The Death and Burial of Paul Morphy

The Death and Burial of Paul Morphy

Death

Yesterday afternoon, at 2:30 o’clock, Paul Morphy, the great chess player, died suddenly at the residence of his mother, on Royal street, between Conti and St. Louis. As shortly before his demise he had been met on the street, apparently in good health, the news startled those who knew him. Inquiries as to the cause of his death were made, and it was ascertained that he had died of congestion of the brain.

In the forenoon, as was his custom, he took his morning walk, but remained out somewhat later than usual. When he returned home he was very warm, and to cool himself immediately went to the bathroom. He was very fond of his bath, which he habitually took at 1 o’clock, and usually remained quite long in the water.

Yesterday, Mrs. Morphy, his aged mother, who was constantly watchful of his comfort and surrounded him with all the attention of a devoted mother, seeing that he remained in his bath uncommonly long, knocked at the door to call him out. Receiving no answer, she opened the door, which fortunately was unfastened, and found her son unconscious, clinging with both hands to the sides of the bath tub, and his head resting on the side of the tub. She immediately called for assistance. Dr. Meux, who happened to be passing the house at the time, was summoned in, and made every effort to recall him to consciousness, but in vain. Life was extinct, death having been caused by congestion of the brain, no doubt brought about by the cold water, which he entered while very warm after his walk. (The Times-Democrat, July 11, 1884)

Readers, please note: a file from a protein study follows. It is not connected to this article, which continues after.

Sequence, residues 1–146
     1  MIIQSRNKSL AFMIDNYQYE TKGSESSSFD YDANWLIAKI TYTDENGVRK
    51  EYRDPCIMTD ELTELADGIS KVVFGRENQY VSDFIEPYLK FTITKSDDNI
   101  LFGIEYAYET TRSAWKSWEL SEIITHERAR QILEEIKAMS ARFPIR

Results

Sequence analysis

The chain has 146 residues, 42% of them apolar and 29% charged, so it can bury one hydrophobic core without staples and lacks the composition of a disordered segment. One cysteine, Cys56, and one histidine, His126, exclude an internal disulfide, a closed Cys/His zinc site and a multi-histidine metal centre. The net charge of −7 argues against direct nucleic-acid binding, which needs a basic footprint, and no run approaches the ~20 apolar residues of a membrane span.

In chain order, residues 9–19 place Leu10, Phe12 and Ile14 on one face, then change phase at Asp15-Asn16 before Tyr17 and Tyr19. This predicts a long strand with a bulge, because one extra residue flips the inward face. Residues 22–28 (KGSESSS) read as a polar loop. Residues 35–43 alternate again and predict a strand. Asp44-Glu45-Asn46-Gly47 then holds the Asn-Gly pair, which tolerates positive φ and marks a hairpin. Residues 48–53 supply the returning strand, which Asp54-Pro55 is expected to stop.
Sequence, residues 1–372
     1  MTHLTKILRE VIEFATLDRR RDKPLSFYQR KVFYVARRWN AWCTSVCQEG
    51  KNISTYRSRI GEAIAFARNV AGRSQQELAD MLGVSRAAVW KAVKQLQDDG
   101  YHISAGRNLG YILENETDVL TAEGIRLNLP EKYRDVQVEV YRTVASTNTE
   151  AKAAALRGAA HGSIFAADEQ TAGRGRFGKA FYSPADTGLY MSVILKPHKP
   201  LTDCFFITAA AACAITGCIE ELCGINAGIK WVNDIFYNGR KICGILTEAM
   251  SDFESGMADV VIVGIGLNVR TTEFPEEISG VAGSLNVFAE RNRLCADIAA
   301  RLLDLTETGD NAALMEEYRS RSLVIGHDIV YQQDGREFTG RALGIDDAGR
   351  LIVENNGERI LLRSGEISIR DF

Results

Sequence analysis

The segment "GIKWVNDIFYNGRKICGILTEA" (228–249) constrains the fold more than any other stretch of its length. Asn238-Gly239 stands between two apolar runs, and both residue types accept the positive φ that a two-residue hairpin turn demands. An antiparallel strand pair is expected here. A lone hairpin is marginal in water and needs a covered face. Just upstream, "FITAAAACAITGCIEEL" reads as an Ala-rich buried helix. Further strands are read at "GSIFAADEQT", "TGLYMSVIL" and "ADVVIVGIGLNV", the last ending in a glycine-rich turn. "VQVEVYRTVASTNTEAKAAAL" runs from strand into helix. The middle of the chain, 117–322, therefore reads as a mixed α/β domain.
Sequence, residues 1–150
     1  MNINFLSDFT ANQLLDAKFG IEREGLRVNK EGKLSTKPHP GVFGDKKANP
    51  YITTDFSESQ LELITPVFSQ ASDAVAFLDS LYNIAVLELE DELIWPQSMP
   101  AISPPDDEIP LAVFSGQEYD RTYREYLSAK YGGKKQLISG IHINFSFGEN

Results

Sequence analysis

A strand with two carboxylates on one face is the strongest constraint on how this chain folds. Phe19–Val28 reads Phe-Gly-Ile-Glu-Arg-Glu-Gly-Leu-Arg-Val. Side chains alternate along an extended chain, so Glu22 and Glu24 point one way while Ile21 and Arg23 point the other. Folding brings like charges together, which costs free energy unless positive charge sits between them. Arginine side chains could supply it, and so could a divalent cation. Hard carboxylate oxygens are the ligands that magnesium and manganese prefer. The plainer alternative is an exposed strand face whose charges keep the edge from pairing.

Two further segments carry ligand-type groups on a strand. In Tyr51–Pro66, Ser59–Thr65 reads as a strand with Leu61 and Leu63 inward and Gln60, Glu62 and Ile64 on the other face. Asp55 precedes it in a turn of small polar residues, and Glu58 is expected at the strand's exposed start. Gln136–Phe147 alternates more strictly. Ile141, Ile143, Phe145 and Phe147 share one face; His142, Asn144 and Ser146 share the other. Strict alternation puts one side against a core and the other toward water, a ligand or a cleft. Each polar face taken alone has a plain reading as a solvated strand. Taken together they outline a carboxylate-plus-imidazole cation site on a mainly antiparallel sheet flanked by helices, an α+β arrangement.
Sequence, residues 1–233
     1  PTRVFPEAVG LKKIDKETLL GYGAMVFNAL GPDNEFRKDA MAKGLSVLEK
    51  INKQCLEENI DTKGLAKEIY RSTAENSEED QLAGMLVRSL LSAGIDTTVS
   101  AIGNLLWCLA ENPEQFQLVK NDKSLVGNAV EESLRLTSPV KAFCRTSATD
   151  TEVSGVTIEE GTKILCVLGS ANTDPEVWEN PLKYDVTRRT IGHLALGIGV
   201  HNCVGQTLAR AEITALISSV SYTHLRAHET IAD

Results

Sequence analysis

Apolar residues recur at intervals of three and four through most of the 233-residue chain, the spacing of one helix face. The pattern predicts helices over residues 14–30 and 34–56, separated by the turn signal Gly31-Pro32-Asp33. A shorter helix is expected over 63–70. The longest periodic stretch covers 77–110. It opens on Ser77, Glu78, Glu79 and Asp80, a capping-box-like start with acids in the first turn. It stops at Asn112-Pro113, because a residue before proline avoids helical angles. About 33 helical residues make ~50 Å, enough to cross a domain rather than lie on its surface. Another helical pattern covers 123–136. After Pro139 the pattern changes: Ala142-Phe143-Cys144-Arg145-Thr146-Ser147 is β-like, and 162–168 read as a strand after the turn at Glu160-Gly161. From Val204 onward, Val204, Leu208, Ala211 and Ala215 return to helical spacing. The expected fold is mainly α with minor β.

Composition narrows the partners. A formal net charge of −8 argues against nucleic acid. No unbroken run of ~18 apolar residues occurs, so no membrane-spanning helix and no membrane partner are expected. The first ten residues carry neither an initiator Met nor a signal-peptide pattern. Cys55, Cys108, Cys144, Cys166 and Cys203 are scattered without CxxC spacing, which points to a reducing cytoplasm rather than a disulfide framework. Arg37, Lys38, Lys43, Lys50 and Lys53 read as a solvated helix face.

Burial

The obsequies of Paul Morphy were very simple and very quiet. His relations and his devoted friends were around him. The news of his death had been as sudden as his demise, and the notice of his funeral so short that his admirers could not prepare the elegant tribute they would have done. But it was neither the wish of Morphy nor his family that the ceremonies should have been grander than they were. He had adjured the chess world long ago and he desired no recognition as the famed champion of the world, after he had surrendered the title unchallenged by his retirement. Morphy desired to be known only as a man and a christian, and those with whom he was intimate knew that even in his years of eccentricity he was still a knight of courtesy and a man of heart. It was the funeral of the man and not the great chess player.

Father Mignot officiated at the house and at the grave. The body was exposed at Morphy’s modest residence, No. 89 Royal street. Numerous floral offerings betokened the affection in which he was held. At 5 o’clock the coffin was carried down by Edward Morphy, Edmond Morphy, Leonce Percy, Henry Percy, Edgar Hincks and Charles Maurian, his life long companion and former adversary over the chess board. The hearse, followed by a few carriages, drove to the old St. Louis Cemetery. The tomb of Morphy’s was opened and Paul’s body placed beside that of his father, a well known figure in the history of Louisiana. (The Times-Picayune, July 12, 1884)

The Morphy family’s tomb. (Foto by dsb nola)

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